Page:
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Thought leadership

Today’s digital environment has influenced the overhaul of many industries, but the telecommunications industry in particular is one that has had to completely reassess the way they achieve profits.  Companies have had to transform themselves since their traditional services like voice and messaging have moved towards obsolescence.  The advent of new technologies and phone applications (apps) replaced those services.  Apps like WhatsApp and Skype for example, have been forecasted by London based research firm, Ovum, to contribute a $386 Billion combined loss for the telecoms industry from 2012-2018.  That’s a considerable figure representing an unfortunate loss.

Telecoms have access to some of the richest data in the world, an asset that other industries envy and wish they could utilize.  There is no reason our industry can’t be pioneers; leading and paving the way for all industries as the digital environment changes the way we do business.  It is first-class customer service embedded in strategic marketing that has allowed telecoms to push forward in the competitive dynamic digital climate.  Quality customer engagement has maintained profits in fierce and unforgiving markets.  With rich data resources, you have been able to engage with customers in a unique way that others cannot, simply because your data has been able to provide valuable  insight into customer’s needs. 

The customer service strategies that have turned our industry around have gone far beyond simply using data; they have had to address how the new insights will be incorporated, and what actions should be taken to improve.  Telecom companies have leveraged customer service to adapt to the new realities of today’s digital world by catering to each individual customer’s service needs, opening direct lines of communication to strengthen the customer-provider relationship, and then engaging them in a way that is valuable to the customer.

One to One Marketing

Marketing approaches used to be such that large groups of customers were put in the same segments and considered similar, for marketing purposes.  In the digital era, the days of large customer segmentation have had their day.  Technology exists today that allows marketers to provide ultra-personalized service and tailor their service to each individual customer’s needs, therefore eliminating traditional methods of market segmentation.  Customers also expect this from their service provider.

Telecoms adoption of this type of marketing technology should be the first step in harnessing data.  But the most successful companies are the ones who have used their data to identify customer needs and have taken action to satisfy their customers based on that information.  A customer’s satisfaction level is constantly changing, and service providers have the ability to understand what it is at any given moment.  Each point in time a customer is having a different service experience than they had in the past, and each person is most likely using a variety of service combinations.  This means that opportunities to give customers what they want and improve their satisfaction are abundant and frequent.  These golden opportunities must be seized.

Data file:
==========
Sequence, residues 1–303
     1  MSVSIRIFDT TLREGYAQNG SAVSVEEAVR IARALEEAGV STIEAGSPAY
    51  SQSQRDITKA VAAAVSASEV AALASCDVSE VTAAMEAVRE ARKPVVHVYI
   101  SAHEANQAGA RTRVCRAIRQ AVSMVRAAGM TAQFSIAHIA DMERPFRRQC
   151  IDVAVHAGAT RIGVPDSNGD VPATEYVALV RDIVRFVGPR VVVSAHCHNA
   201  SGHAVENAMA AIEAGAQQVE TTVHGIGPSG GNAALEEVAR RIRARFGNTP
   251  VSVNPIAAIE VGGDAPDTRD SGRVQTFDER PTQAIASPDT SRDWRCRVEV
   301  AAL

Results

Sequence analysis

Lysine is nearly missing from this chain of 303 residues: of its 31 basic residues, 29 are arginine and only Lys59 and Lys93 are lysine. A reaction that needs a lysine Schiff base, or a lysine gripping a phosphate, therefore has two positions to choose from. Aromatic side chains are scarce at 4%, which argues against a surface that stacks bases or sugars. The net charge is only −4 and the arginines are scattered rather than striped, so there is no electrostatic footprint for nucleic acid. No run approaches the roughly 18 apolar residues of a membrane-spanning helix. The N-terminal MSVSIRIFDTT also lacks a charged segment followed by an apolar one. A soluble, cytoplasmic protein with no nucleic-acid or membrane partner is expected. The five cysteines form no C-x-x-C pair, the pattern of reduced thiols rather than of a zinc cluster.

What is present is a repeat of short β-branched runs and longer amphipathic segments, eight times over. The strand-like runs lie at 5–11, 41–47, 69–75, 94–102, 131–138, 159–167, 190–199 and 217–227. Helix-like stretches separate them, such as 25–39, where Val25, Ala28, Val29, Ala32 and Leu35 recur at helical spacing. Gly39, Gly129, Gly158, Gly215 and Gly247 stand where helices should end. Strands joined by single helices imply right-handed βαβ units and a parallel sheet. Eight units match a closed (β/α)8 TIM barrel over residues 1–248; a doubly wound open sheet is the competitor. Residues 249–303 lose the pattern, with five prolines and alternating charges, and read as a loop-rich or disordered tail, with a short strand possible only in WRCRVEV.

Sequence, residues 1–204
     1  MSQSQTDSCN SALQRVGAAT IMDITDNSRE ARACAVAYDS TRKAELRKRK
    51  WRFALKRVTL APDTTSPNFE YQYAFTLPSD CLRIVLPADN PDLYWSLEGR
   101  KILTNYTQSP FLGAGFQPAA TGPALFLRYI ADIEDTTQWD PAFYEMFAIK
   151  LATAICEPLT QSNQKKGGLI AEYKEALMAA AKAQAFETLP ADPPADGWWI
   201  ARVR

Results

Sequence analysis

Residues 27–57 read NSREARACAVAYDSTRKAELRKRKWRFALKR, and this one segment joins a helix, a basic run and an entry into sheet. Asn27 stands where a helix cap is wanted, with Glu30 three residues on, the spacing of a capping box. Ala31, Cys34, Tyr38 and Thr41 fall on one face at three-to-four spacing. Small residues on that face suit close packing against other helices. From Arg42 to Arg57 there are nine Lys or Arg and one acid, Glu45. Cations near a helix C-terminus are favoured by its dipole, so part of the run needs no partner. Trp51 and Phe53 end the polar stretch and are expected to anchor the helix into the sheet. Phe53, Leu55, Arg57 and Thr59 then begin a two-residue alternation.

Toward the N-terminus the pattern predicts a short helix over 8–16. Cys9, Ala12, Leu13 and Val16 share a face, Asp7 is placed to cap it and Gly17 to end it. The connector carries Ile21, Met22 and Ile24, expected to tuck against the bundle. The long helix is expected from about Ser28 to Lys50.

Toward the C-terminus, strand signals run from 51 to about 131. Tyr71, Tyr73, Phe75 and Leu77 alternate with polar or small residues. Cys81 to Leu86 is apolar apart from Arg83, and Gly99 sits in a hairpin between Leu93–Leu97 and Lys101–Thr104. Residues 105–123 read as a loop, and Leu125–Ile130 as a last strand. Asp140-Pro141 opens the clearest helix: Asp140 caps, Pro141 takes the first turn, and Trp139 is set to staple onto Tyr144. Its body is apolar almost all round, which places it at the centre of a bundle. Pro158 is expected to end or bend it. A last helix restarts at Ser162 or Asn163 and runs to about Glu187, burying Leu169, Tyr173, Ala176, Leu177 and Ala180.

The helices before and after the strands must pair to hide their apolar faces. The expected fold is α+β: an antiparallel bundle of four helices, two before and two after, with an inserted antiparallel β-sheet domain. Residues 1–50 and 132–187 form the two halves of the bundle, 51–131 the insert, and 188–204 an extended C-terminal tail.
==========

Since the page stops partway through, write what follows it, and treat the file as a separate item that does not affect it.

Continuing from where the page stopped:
A great deal of different types of users makeup telecom customers.  Many have purchased a range of services from their operators and they cannot all be put in the same category or segment.  For example, mothers between 30 and 50 used to be grouped together, and a sample of customers would be surveyed and extrapolated within the market segment.  The individuals in this category have very different levels of usage and purchase a range of services.  These customers would probably be unhappy to know that they were put together for purposes of measuring their satisfaction.  Furthermore, a 30 year-old suburban mother of three young children will have a different usage profile and have purchased different services compared to a 49 year old mother of college aged children living in an urban center.  They should not be put in the same large group if meaningful and relevant communication is to be achieved.

 

Opening Direct Lines of Communication

Highly personalized service and engagement is accomplished by opening direct lines of communication between the service provider and customer.  Direct lines of communication are critical to the customer engagement process because they not only enable valuable collection of customer feedback, but they give companies a clearer picture of who they are providing service for, and their specific needs.  When a customer truly believes their service provider has considered them an individual and not another millionth customer, trust becomes established.  Having the ability to continuously meet customer needs is essential and can only be fulfilled if communication is a timely, two-way street.